The lab’s sanitary system features two separate components married together to form a well-oiled waste-removal machine. In addition to the vacuum plumbing system, a decontamination system by Practical Applications is also part of the overall setup. The two vacuum system waste-collection tanks (60 gallons each) discharge into the two decontamination tanks (350 gallons each), operating in a lead-lag fashion and delivering a continuous flow of wastewater. The de-con system treats the wastewater before sending it into the city system.

The two systems are stacked on top of each other (the de-con system is on the bottom) in the lab’s mechanical room. The vacuum system tanks collect wastewater 8 feet above the floor.

“There had to be a lot of coordination with the vacuum system and the de-con system. It needed 100% redundancy,” Edwards notes. “When the holding unit is full, it opens up, discharges and flows down into the de-con unit. There is nothing that says the de-con unit and the holding unit get full at the same time. They are not the same sizes. We had to carefully coordinate enough capacity on either side. In case there was a failure, there would be enough capacity on the reverse side to get rid of it.”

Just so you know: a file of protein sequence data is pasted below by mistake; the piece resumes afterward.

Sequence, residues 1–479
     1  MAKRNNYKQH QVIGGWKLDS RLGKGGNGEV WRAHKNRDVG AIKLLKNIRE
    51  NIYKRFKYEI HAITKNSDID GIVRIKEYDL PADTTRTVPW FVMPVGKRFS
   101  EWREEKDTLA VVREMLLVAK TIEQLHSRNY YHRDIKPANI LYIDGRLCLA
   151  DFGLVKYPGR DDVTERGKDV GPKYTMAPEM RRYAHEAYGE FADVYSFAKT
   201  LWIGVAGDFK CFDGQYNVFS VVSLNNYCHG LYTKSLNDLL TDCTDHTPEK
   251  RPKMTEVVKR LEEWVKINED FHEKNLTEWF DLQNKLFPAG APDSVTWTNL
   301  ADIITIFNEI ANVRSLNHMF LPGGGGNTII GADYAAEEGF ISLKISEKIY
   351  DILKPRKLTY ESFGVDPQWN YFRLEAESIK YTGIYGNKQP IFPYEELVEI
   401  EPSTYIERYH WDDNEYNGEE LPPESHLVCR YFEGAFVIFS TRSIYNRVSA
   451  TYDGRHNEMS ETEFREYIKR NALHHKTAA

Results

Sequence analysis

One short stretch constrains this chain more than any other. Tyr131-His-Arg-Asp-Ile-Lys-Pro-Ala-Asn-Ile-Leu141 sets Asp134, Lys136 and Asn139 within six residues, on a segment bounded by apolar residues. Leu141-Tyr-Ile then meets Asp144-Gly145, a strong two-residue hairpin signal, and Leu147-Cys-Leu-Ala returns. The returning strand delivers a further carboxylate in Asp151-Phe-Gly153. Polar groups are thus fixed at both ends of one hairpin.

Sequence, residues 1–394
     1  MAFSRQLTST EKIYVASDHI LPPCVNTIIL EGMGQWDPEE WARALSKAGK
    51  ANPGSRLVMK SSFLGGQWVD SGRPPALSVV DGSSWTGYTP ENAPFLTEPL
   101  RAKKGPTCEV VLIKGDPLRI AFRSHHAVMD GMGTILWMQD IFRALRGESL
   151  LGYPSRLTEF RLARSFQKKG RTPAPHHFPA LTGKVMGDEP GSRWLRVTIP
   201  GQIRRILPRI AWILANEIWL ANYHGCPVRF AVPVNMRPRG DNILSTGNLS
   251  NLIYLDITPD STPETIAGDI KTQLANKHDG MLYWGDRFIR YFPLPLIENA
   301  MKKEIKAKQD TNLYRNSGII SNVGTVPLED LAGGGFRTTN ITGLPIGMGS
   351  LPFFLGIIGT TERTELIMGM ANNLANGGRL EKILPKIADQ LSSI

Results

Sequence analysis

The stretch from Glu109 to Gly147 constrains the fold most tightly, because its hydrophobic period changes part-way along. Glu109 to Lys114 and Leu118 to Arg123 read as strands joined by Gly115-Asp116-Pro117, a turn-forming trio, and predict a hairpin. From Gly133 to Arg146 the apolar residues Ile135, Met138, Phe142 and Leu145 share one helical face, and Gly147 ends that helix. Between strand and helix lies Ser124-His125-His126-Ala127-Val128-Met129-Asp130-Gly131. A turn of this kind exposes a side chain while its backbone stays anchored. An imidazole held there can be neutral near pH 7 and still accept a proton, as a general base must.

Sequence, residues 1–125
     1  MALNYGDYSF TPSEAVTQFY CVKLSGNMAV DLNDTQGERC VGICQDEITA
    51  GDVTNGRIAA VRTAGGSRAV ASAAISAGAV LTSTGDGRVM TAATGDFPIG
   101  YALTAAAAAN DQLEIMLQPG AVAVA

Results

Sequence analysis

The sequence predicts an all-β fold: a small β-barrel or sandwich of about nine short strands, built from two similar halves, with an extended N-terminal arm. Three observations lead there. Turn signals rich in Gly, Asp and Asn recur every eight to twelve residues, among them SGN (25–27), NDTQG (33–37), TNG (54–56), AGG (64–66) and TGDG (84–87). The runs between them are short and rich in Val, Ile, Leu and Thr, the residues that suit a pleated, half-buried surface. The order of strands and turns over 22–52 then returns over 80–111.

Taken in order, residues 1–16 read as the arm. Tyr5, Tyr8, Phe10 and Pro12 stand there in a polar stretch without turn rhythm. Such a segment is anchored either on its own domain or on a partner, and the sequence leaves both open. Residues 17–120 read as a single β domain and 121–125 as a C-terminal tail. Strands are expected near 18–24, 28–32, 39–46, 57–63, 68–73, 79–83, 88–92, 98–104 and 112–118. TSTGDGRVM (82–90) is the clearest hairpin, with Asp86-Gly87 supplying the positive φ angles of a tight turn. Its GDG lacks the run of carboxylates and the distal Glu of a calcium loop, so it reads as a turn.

SAGE Engineering Group Mechanical Manager Dave Layton adds: “Coordinating the sizing of the system was a challenge. With the two tanks, there is always a tank ready when needed. We also had to make sure there was enough capacity to work in all circumstances.“

In the BSL-3 lab, researchers conduct experiments on contagious materials in gas-tight enclosures, thus the need for a fail-proof wastewater system.

Airing It Out

The lab’s ventilation system requires special attention. A 15,000-CFM, bag-in, bag-out, HEPA-filtered central exhaust system with constant volume air-flow boxes maintains constant space negativity toward areas of higher contamination.